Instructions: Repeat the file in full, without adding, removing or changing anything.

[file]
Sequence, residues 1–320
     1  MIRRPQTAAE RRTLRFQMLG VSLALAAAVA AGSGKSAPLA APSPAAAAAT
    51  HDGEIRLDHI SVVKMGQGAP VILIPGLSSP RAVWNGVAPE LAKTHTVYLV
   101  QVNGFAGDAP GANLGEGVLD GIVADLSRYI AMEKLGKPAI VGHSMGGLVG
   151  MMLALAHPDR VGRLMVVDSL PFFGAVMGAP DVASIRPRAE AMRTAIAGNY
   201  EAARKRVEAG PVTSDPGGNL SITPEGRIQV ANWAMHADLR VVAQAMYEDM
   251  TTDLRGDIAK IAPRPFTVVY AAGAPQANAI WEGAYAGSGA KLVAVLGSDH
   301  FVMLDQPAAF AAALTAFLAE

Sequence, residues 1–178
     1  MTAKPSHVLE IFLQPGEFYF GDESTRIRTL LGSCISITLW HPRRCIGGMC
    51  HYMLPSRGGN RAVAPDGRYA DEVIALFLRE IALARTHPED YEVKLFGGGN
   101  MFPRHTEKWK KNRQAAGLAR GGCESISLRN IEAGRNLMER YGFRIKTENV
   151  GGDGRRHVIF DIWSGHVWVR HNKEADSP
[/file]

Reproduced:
Sequence, residues 1–320
     1  MIRRPQTAAE RRTLRFQMLG VSLALAAAVA AGSGKSAPLA APSPAAAAAT
    51  HDGEIRLDHI SVVKMGQGAP VILIPGLSSP RAVWNGVAPE LAKTHTVYLV
   101  QVNGFAGDAP GANLGEGVLD GIVADLSRYI AMEKLGKPAI VGHSMGGLVG
   151  MMLALAHPDR VGRLMVVDSL PFFGAVMGAP DVASIRPRAE AMRTAIAGNY
   201  EAARKRVEAG PVTSDPGGNL SITPEGRIQV ANWAMHADLR VVAQAMYEDM
   251  TTDLRGDIAK IAPRPFTVVY AAGAPQANAI WEGAYAGSGA KLVAVLGSDH
   301  FVMLDQPAAF AAALTAFLAE

Sequence, residues 1–178
     1  MTAKPSHVLE IFLQPGEFYF GDESTRIRTL LGSCISITLW HPRRCIGGMC
    51  HYMLPSRGGN RAVAPDGRYA DEVIALFLRE IALARTHPED YEVKLFGGGN
   101  MFPRHTEKWK KNRQAAGLAR GGCESISLRN IEAGRNLMER YGFRIKTENV
   151  GGDGRRHVIF DIWSGHVWVR HNKEADSP